Overweight passengers barred from business class

THAI’s new safety measures will affect larger travellers and parents with small children

Thai Airways have introduced airbags for premium passengers, but if your waist is more than 142cm (56in) then you’ll have to sit in the cheap seats because you won’t fit in business class.

Larger passengers will not be able to fasten the new seatbelts, which come equipped with airbags, the airline, which is known as THAI, says.

The devices, fitted on THAI’s new Boeing 787-9 Dreamliners, will also make it impossible for a small child to sit on a parent’s lap. Parents who wish for their children to sit on their lap will also be unable to fly premium.

Passengers flying THAI between Bangkok and Auckland or Taipei could be affected – Shutterstock
Passengers flying THAI between Bangkok and Auckland or Taipei could be affected – Shutterstock

It is hoped that the airbags will reduce the risk of a passenger’s head hitting the seat in front in the case of a sudden impact. Sensors are used to deploy the airbag up and away from the passenger to provide protection to the head, neck and torso.

The manufacturer, AmSafe, says over 150,000 seatbelt airbags are currently in use on more than 100 airlines.

Flt Lt Prathana Pattanasiri, vice president of THAI’s aviation safety, said the seatbelts meet US Federal Aviation Administration safety standards, according to the Bangkok Post.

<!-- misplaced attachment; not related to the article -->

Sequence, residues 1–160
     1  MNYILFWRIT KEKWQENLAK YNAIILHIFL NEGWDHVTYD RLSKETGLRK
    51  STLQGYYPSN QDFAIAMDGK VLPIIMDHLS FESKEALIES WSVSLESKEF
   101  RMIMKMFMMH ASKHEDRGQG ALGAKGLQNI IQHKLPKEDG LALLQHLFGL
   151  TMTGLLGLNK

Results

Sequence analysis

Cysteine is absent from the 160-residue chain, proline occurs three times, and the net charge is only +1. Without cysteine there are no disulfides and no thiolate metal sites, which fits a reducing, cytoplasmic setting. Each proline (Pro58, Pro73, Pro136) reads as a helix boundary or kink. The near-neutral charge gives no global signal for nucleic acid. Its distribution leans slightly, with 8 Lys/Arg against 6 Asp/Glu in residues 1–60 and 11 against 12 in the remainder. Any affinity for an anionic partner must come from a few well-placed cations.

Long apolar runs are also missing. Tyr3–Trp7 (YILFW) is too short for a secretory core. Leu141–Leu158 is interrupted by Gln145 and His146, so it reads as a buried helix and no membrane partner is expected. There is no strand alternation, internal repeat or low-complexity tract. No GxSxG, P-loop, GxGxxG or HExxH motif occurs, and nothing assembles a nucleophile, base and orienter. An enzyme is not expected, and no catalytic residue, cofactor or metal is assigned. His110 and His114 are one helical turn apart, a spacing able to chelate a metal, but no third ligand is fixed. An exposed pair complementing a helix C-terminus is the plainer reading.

In most cases, seatbelt extenders are used to accommodate larger passengers and small children. However, their use reduces the protection provided by the airbag.

THAI routes affected by the measures are between Bangkok and Auckland, and Bangkok and Taipei.

Saree Ongsomwang, secretary-general of the Foundation for Consumers, said the seat belts amount to discriminatory treatment. She said: ”No matter where you sit, regardless whether in cheap or expensive seats, equal safety must be in place.”

THAI are not the first airline to enact restrictions on overweight passengers. Finnair now weigh passengers voluntarily before they board, while the now-defunct Samoa Air introduced a pay-by-weight scheme in 2013.